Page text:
If we are truly accepting and open-minded, we can recognize that it is completely normal to be gay or to identify somewhere on the broad spectrum of sexual orientation. If we are completely open-minded and accepting, we understand that a person can, at different times in their life, experience something other than heterosexuality, and that is normal. If we are completely open-minded, we understand that being gay, lesbian, bisexual or any sexual orientation is equivalent to being heterosexual. In other words, sexual orientation should not have an impact on the life or the value that a person has.

Not being able to tolerate the idea that an individual can love the person they choose to love is not being open-minded. Those who seek to guide an individual to what is considered tolerable, to suppress sincere feelings and to violate a person's right to live their sexual orientation with dignity, are forced to use arguments based on fear. This places people in a position of making judgments.

I want members to clearly hear me. The Bloc Québécois will definitely be voting unanimously for Bill C-6. All our members, and I did say all, will vote in favour of this bill, as we did at second reading.

I call on all political parties to do the same and to fully, unequivocally and unanimously support Bill C-6 to send a clear message that, in Quebec and in Canada, we respect the dignity of all people who, ultimately, are just living with love.

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5:50 p.m.


Garnett Genuis Conservative Sherwood Park—Fort Saskatchewan, AB

Mr. Speaker, I do want to remind the House that members of the Bloc, at committee, raised significant concerns about the text of this legislation. In fact, the Bloc representative on the committee voted against the addition of references to gender expression to the definition. It is important for the Bloc to remember that it was its own representative on the committee who did say that we needed to get the wording, the definition, right, because there are problems with the definition, and amendments were passed that he, in fact, voted against.

The other thing I wanted to say is that we hear from members, like the member for Kingston and the Islands, that we have to choose between banning conversion therapy and worrying about the details. I would simply say let us do both. Let us fix the problems with the definition and let us pass this bill. We have had the opportunity to do that. We still have the opportunity to do that.

I am struck to hear some members dismiss the study of the details as if they do not matter. If we get the details wrong, then we ban things that are not related to conversion therapy. Let us do both. Let us get the details right and let us pass this conversion therapy bill.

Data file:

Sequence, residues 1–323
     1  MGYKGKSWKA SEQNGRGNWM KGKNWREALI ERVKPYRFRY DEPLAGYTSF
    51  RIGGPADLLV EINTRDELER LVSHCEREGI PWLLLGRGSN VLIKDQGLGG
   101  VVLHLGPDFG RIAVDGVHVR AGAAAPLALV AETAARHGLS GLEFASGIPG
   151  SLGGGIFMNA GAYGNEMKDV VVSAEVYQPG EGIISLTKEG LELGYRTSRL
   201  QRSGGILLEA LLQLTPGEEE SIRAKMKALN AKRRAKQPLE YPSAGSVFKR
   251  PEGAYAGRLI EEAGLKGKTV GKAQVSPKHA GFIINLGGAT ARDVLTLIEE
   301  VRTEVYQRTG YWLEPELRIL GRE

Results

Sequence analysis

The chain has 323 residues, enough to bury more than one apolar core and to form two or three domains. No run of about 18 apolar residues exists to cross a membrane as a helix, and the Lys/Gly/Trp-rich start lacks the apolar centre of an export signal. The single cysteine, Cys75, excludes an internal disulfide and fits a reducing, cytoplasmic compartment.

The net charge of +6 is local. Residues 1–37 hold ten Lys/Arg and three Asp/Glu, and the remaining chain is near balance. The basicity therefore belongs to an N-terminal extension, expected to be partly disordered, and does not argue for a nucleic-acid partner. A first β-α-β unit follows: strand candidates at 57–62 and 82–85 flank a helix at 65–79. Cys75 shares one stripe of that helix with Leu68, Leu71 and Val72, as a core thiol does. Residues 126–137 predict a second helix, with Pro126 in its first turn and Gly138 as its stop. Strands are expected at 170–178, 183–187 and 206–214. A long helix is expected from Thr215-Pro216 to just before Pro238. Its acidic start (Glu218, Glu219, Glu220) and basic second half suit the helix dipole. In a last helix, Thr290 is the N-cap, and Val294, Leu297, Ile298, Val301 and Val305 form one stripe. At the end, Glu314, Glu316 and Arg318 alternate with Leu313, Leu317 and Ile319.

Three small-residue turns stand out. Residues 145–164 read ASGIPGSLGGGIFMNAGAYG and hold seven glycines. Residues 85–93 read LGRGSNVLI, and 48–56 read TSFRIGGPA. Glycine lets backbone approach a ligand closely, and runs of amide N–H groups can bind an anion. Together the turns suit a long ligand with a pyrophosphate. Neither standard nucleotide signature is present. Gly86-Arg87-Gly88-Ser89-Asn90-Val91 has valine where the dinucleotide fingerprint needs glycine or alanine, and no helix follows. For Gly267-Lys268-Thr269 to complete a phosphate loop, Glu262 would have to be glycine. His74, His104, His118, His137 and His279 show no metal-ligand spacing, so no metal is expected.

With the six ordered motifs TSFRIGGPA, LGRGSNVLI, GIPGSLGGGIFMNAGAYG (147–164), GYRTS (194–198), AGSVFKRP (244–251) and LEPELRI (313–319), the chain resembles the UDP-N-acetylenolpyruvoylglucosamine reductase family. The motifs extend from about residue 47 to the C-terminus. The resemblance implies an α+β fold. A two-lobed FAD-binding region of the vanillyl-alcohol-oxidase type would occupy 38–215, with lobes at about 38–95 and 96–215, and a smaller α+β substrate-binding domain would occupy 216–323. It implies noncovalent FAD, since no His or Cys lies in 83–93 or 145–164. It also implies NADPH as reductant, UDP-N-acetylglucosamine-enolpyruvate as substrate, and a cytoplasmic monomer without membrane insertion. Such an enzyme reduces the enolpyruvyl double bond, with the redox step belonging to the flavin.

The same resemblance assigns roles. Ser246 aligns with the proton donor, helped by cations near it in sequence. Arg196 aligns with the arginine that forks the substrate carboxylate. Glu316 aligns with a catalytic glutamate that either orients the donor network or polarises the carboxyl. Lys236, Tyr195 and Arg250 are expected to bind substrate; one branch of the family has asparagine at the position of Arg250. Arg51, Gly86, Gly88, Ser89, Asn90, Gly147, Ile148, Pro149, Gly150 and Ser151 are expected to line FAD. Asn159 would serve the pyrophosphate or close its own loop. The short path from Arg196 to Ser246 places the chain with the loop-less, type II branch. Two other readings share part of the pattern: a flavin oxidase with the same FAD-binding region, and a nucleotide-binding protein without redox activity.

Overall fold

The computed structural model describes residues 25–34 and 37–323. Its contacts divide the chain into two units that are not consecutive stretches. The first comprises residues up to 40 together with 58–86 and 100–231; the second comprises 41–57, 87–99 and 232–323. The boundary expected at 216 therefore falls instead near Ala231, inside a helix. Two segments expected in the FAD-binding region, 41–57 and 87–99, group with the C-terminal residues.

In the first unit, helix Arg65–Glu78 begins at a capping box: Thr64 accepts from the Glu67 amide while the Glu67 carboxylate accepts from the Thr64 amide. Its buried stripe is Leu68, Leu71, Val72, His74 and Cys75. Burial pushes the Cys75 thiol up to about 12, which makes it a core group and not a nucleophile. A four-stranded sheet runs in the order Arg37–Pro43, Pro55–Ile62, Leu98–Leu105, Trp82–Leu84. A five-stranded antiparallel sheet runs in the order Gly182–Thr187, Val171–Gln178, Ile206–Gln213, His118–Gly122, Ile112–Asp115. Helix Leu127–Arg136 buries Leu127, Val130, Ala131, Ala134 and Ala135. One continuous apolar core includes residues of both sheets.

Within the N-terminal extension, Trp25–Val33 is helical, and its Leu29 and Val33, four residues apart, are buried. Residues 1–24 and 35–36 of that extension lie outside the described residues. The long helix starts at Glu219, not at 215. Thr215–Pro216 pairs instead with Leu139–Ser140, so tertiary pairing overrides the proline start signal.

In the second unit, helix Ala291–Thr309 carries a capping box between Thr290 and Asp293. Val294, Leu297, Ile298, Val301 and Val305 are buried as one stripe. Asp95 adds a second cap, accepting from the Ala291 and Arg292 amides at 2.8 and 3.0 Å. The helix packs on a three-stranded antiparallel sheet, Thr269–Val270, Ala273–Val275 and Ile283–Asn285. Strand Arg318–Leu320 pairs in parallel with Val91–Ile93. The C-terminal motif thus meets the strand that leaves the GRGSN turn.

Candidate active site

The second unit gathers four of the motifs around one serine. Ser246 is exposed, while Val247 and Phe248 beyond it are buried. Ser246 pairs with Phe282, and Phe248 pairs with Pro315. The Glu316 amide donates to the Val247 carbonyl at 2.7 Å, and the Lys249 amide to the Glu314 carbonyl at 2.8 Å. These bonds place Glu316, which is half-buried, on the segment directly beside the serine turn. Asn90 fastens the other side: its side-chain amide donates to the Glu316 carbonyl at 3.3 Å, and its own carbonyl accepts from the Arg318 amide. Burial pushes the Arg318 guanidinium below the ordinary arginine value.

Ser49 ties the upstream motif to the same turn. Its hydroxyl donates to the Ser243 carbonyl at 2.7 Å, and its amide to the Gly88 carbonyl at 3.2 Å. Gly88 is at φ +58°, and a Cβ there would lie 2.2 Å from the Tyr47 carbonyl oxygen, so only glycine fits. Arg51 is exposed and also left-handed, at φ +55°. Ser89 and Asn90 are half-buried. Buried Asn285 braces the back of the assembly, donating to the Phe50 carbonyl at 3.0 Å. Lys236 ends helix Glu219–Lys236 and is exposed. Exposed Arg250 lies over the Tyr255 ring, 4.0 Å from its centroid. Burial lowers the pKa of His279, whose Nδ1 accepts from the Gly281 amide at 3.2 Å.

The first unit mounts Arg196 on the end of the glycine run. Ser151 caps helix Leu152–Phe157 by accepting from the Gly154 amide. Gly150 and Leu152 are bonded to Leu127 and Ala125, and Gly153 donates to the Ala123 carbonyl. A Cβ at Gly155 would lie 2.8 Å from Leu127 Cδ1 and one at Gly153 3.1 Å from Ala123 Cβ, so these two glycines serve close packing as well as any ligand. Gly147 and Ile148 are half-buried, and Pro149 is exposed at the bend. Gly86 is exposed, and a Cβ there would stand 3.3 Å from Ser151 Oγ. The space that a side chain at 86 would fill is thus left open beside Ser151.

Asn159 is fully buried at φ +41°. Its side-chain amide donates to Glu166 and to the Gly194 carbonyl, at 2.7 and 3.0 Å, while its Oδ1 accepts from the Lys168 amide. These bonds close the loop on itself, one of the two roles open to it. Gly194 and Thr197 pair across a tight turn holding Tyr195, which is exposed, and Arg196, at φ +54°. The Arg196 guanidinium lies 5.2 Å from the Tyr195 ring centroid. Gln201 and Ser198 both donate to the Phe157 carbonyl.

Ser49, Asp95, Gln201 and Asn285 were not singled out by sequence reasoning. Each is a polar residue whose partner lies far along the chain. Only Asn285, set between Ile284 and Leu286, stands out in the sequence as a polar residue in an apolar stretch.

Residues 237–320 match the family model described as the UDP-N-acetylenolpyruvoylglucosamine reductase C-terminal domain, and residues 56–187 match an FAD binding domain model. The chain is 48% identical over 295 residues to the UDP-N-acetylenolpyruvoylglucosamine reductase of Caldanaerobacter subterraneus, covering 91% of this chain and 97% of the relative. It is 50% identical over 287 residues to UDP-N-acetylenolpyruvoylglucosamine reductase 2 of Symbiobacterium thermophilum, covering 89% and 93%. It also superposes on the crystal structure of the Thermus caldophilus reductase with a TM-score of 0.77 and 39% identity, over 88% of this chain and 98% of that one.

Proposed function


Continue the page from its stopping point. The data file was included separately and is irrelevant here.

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5:50 p.m.


Claude DeBellefeuille Bloc Salaberry—Suroît, QC

Mr. Speaker, I thank my colleague for his question. I know that he is passionate about this issue. We heard him speak at length in the House and at committee.

I would just like to remind him that, from a medical perspective, conversion therapy is pseudoscience. Not only is it dangerous and degrading for the patient, but many studies have also proven that it does not work.

We heard from many witnesses about the impact of this type of therapy on people. Witnesses told us that their lives were turned upside down and that they even thought about suicide because they felt rejected by their community due to their sexual orientation, which in fact demonstrates that conversion therapy does not work.f

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5:50 p.m.

Waterloo Ontario


Bardish Chagger LiberalMinister of Diversity and Inclusion and Youth

Mr. Speaker, let me begin by saying that I really appreciated the member's speech, just as I appreciate her support and that of all Bloc Québécois MPs.

Does my colleague think we need to keep debating this bill, or does she think it is time to pass it so it can be brought into force and enable more Canadians to be themselves?

I believe Canada is an inclusive country. We know we still have a lot of work to do.

Is it time to vote on this motion, or do we need to keep debating this bill?

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5:50 p.m.


Claude DeBellefeuille Bloc Salaberry—Suroît, QC

Mr. Speaker, I thank the minister for her question.

I think my comment will serve as an answer to her question. Since 1977, Quebec's Charter of Human Rights and Freedoms has recognized sexual orientation as prohibited grounds for discrimination. In 2002, Quebec's National Assembly made the civil union of two people of the same sex legal.

In answer to her question, yes, it is time we passed this bill so we can protect children and teens who are currently being subjected to conversion therapy.

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5:50 p.m.


Don Davies NDP Vancouver Kingsway, BC

Mr. Speaker, I am proud to be part of a party that has been groundbreaking in this country in forging respect for rights on gender and sexuality going back decades. I am always concerned when I hear a debate on rights and protection qualified by the word “but”, and that is what I am hearing here. I am hearing everybody say they are in favour of banning conversion therapy, “but”. The “but” seems to be they are concerned that, by banning this harmful conversion therapy, we might interfere with some forms of conversion attempts that may be caught by this.